Microsoft's Zune was never much of a contender against Apple's iPod as far as portable music players go, and now, finally, the Zune hardware is dead.
We recently announced that, going forward, Windows Phone will be the focus of our mobile music and video strategy, and that we will no longer be producing Zune players. So what does this mean for our current Zune users? Absolutely nothing. Your device will continue to work with Zune services just as it does today. And we will continue to honor the warranties of all devices for both current owners and those who buy our very last devices. Customer service has been, and will remain a top priority for us.
So there you have it. The Zune as hardware is finito, but the Zune lives on as an app, as a place to buy and consume music in Microsoft's Windows Phone operating system.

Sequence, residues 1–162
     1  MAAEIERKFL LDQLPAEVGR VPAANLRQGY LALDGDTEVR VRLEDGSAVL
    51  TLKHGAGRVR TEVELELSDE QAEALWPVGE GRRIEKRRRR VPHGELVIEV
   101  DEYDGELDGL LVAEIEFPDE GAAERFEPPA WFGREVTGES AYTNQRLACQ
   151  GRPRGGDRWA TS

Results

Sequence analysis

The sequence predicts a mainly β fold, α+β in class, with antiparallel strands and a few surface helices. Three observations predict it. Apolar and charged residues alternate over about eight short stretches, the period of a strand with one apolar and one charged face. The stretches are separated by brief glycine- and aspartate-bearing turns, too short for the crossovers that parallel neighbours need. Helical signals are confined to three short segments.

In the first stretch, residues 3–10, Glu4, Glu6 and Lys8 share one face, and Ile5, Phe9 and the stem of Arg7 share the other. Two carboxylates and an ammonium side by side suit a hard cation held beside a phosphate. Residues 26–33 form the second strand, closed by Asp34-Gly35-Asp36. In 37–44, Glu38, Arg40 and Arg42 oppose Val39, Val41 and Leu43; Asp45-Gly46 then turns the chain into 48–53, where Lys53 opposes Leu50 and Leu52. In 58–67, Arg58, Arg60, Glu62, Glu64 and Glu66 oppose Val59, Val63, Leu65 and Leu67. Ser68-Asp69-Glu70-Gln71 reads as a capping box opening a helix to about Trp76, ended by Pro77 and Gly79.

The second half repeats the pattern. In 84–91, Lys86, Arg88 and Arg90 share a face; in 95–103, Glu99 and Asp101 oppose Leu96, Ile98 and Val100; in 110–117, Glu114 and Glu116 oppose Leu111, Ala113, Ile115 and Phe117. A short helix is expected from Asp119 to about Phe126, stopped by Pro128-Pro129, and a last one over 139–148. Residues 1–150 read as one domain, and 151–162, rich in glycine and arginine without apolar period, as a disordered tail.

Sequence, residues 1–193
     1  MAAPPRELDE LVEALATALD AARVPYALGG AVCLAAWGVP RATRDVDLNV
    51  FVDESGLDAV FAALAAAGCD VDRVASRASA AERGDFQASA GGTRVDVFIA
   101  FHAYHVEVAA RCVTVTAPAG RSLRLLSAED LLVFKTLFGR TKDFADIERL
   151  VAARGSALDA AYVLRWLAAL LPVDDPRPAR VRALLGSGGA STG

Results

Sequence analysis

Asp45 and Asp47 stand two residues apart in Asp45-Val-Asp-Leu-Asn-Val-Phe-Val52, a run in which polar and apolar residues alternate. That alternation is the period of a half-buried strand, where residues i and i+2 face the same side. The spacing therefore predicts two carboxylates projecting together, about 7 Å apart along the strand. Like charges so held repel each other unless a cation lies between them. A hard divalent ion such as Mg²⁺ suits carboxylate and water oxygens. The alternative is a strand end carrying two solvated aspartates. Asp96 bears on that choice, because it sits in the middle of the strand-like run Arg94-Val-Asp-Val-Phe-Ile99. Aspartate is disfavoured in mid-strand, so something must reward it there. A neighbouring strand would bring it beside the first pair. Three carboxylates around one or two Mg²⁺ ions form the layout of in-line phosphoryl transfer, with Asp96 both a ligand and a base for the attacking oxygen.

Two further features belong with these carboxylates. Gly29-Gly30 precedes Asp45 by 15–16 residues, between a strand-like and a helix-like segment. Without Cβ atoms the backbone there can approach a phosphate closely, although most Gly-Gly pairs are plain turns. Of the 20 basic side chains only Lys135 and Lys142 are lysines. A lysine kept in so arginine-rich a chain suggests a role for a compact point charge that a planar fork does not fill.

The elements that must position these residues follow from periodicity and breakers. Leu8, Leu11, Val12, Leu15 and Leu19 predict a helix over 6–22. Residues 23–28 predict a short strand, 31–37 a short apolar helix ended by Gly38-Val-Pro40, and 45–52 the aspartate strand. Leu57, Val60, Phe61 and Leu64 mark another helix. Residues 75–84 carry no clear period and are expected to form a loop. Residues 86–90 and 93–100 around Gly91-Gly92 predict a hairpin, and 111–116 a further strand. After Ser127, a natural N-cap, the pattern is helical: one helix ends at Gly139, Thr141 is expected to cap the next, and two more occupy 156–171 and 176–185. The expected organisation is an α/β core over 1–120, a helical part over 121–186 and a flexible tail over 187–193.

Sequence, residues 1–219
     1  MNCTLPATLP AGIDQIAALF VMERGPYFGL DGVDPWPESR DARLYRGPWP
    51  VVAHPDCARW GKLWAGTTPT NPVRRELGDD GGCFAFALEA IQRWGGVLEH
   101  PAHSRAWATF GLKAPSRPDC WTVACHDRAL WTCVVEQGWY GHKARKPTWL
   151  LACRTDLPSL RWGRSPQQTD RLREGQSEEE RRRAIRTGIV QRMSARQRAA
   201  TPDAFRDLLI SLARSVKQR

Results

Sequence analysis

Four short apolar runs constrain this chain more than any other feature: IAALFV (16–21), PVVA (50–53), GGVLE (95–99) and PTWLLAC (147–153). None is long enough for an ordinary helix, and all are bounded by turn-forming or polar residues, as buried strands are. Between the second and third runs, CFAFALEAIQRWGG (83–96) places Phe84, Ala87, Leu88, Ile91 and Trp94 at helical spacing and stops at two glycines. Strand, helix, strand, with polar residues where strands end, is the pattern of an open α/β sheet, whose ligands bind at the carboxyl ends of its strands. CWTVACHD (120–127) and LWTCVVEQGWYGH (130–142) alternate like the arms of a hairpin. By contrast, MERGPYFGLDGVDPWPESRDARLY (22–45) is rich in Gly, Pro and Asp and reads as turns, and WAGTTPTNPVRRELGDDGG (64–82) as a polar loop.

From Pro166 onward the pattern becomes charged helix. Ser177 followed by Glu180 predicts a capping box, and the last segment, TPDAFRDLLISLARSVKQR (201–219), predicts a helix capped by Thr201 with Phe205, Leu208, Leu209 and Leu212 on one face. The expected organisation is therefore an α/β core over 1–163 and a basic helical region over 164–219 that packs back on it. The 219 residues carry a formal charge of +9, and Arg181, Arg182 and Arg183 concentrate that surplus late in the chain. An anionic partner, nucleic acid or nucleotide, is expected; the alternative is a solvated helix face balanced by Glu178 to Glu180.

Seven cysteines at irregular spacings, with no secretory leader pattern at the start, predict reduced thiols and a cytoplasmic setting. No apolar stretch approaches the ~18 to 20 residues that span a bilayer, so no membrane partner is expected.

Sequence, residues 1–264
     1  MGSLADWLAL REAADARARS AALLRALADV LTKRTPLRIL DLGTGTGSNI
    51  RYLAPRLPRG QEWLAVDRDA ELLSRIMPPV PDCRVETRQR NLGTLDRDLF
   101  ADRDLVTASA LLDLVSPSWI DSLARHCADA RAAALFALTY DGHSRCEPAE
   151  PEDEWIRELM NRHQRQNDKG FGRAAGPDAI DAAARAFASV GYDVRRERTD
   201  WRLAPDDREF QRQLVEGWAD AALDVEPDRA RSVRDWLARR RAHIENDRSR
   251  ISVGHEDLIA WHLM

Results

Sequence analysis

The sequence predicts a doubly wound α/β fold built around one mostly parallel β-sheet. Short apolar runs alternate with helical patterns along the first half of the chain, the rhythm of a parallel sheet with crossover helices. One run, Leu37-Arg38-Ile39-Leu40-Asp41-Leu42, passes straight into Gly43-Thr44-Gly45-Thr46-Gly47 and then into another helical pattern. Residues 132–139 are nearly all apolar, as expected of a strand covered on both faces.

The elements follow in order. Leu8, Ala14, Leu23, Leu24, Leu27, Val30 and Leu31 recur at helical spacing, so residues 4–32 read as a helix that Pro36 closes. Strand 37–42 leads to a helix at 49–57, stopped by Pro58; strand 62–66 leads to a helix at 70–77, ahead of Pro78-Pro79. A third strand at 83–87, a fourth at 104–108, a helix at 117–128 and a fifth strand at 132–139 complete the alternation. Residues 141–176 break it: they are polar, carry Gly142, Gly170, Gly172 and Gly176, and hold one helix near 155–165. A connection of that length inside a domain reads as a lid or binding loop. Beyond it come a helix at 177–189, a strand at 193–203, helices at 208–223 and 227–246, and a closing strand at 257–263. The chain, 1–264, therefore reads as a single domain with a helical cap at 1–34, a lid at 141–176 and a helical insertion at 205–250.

The move to end production of Zune hardware was a long time coming as Microsoft hadn't updated its Zune player line since the release of the Zune HD in September 2009.
In March, reports began swirling that the Zune hardware was getting the ax, but at that time Microsoft neither confirmed nor denied the rumors.
But don't feel too sad for Bill Gates' iPod fighter. The Zune's influence on Microsoft has been a major one as the tech giant used the player's touchscreen software as an inspiration when it rebooted its mobile efforts with Windows Phone 7 last year.
Windows Phone 7 has, in turn, influenced the development of Windows 8 (for desktops, laptops and tablets) and even the ever-changing user interface of the Xbox 360. And so, the Zune can be given a bit of credit for contributing to the direction of the three of the company's most important products -- Windows, Windows Phone and Xbox.
-- Nathan Olivarez-Giles
Upper photo: Some of Microsofts original Zune portable music player devices, released in 2006. Credit: Microsoft / AFP/Getty Images
Lower photo: Microsoft's Zune HD, released in 2009. Credit: Microsoft